the following sentence came from https://francohalton.ca/ :

L’Espace francophone de Halton a comme mission de favoriser le regroupement et l’épanouissement de la communauté francophone et francophile ainsi que de promouvoir le développement des services en français dans la région de Halton.

I don't know what the word "comme" means here.

Here are some things I've explored to try and figure it out:

  1. using DeepL translator, removing the word "comme" doesn't seem to affect the translation:

Putting "L’Espace francophone de Halton a comme mission de favoriser le regroupement et l’épanouissement de la communauté francophone" into deepL translator gives:

The mission of the Espace francophone de Halton is to promote the regrouping and development of the francophone community.

and putting the same sentence without comme gives:

L'Espace francophone de Halton's mission is to promote the regrouping and development of the francophone community.

  1. Browsing wordreference entry for "comme", there are entries such as "like", and "as" and "just as". But I can't see how I can fit any of these words into " [Ce lieu] a comme mission de " ("This place has mission to .."). Attempting to do so gives something like "This place has also mission to" which doesn't make sense.

  2. If I were to write the sentence without "comme", I would have "[Ce lieu] a __ mission de", which looks wrong. I want to instead put a determiner there, as in "Ce lieu a une mission" or "Ce lieu a la mission". So, maybe "comme" is a determiner of some sort? But, I do not see an entry in the wordreference page where "comme" is a determiner.


  1. What does "comme" mean in this sentence?
  2. How could I have figured this out on my own (eg, using the internet or a dictionary etc) ?
  • I don't give an answer because I don't know if I misunderstood you. Comme may convey in this context as.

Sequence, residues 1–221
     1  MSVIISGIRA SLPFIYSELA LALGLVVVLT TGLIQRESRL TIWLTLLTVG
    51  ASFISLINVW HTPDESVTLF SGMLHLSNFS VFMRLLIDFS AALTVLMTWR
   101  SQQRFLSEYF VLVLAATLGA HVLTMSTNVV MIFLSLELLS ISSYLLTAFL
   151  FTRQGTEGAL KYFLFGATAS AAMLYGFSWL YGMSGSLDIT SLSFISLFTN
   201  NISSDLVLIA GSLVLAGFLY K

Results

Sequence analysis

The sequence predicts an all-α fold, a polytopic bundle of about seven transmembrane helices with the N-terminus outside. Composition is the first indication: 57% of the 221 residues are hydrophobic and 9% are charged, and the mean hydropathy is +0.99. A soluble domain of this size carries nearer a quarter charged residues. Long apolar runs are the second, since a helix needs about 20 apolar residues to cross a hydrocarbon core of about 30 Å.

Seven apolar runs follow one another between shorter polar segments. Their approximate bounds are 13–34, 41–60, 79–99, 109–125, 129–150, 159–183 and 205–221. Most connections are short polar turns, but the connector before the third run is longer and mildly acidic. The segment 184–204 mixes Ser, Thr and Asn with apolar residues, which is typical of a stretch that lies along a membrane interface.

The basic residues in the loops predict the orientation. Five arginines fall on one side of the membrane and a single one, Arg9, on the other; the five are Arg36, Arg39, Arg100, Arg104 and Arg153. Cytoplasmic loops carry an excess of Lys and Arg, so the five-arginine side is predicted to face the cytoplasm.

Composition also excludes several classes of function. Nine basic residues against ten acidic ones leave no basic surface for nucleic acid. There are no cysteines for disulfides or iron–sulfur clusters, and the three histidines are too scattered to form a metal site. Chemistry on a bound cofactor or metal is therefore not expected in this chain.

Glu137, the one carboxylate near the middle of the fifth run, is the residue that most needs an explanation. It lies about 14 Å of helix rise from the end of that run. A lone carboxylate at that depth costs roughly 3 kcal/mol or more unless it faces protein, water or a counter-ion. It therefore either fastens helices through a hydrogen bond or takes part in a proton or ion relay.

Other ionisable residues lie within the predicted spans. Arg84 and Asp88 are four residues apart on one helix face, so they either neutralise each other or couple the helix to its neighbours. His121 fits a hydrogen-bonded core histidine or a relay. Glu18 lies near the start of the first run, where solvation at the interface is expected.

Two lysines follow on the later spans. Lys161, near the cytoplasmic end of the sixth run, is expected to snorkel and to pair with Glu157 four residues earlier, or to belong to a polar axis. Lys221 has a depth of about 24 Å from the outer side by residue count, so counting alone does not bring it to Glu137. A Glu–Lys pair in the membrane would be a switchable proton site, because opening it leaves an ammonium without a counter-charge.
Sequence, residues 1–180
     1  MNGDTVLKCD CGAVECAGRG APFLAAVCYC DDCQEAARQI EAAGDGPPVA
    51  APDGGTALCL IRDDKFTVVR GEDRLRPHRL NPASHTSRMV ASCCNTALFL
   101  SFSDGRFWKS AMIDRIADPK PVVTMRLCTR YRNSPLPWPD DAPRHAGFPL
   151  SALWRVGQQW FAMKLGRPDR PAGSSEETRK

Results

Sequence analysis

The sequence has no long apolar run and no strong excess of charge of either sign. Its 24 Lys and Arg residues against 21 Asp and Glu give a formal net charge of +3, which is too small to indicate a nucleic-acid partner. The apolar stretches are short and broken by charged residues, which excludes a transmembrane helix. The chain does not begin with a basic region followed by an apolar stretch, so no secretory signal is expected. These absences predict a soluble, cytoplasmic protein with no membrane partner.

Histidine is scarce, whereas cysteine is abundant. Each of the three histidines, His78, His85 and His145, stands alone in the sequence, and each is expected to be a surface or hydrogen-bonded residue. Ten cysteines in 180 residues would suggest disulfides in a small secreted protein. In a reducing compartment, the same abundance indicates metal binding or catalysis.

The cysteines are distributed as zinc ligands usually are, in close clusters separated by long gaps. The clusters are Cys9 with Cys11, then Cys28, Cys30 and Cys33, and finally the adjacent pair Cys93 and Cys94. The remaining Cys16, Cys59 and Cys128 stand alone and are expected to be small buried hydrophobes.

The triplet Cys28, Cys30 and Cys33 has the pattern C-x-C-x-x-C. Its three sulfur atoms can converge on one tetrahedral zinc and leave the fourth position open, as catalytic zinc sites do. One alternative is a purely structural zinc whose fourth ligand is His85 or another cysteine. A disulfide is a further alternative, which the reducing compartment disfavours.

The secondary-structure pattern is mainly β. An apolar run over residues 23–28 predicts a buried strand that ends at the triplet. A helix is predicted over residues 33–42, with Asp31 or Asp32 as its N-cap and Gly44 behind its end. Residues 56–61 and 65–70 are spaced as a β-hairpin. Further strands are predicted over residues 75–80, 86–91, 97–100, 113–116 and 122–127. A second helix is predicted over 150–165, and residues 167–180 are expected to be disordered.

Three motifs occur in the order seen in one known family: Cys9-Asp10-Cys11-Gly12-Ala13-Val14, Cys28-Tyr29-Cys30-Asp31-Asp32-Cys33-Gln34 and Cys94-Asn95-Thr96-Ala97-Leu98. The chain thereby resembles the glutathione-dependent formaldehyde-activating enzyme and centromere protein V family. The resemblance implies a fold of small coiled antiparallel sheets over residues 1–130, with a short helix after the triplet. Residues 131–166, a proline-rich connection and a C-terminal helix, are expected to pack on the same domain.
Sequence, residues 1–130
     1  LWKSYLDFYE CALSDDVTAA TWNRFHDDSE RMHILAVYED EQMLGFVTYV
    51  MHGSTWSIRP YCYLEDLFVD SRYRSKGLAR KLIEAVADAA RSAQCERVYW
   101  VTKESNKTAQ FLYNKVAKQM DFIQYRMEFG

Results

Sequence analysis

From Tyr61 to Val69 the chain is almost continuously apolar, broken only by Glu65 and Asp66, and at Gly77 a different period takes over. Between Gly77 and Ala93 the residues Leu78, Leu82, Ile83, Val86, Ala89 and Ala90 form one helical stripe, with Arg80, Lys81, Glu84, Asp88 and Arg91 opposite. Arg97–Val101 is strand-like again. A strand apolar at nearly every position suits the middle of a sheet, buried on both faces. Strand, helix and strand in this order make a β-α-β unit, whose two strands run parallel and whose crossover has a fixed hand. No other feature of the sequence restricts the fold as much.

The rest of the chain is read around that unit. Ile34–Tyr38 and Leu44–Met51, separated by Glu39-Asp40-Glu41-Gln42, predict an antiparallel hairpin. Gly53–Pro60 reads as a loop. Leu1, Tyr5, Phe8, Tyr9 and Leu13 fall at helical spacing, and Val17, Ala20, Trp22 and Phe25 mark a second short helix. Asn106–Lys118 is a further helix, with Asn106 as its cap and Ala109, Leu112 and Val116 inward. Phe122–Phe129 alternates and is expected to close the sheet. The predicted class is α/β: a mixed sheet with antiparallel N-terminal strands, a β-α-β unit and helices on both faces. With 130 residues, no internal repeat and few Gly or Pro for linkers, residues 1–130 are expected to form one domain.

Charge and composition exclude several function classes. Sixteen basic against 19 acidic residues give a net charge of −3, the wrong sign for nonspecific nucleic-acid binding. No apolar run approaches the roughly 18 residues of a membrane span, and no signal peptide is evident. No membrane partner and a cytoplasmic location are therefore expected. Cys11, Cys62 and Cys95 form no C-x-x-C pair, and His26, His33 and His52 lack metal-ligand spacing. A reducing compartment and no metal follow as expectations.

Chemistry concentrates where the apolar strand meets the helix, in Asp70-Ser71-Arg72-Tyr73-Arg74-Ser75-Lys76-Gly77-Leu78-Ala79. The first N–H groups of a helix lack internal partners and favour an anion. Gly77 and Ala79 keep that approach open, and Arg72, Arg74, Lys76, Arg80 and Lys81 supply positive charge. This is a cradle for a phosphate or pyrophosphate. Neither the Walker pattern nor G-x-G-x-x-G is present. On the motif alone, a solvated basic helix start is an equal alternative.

– Dimitris
    Oct 21, 2020 at 15:41
  • 1
    A word-by-word translation would be: The Espace francophone de Halton has as mission to foster the regrouping and development of the Francophone and Francophile community as well as to promote the development of French language services in Halton Region.
    – Dimitris
    Oct 21, 2020 at 15:42
  • 1
    @Dimitris: The English sentence "This place has as mission to .." doesn't make sense to my own (native-English) ears?
    – silph
    Oct 21, 2020 at 16:03
  • 2
    I'm not sure that I could go as far as you and say that my own native-English ears couldn't make [any] sense of "This place has as mission to ...," but "This place has as its mission to ..." would definitely sound better to them (as would "... has for its mission to ..." for that matter).
    – Papa Poule
    Oct 21, 2020 at 18:57
  • 1
    As to resources, searching for “comme” in Larousse gives the appropriate definition
    – Maroon
    Oct 21, 2020 at 23:43

1 Answer 1



In this sentence "comme" is an adverb and it means "for". In French a synonym would be "en tant que".

  • Halton's Espace Francophone has for mission …

You can formulate that differently in English as

  • "The mission of the Espace francophone of Halton is to …" or

  • "Halton's Espace Francophone's mission is to …".

It happens that removing "comme" yields another syntax that amounts sematically to the same thing, so DeepL is right.


It is not easy to determine this from the sources such as the dictionaries. You have to match the pattern to what you find in the dictionaries (a comme mission de favoriser le … → Verb + comme + Substantif + Prop. infinitive), but that is easier said than done.

  • I've been trying to articulate an answer for the past 10 minutes, but this one is so much better :-) Please note that the "Prop. infinitive" is not always one: "Machin a comme mission de préserver les animaux" = "Machin a comme mission la préservation des animaux". Or even "Le Rhône a comme affluents la Durance et le Gardon", but we're going further from the OP's question
    – Laurent S.
    Oct 21, 2020 at 16:36

Your Answer

By clicking “Post Your Answer”, you agree to our terms of service and acknowledge you have read our privacy policy.

Not the answer you're looking for? Browse other questions tagged or ask your own question.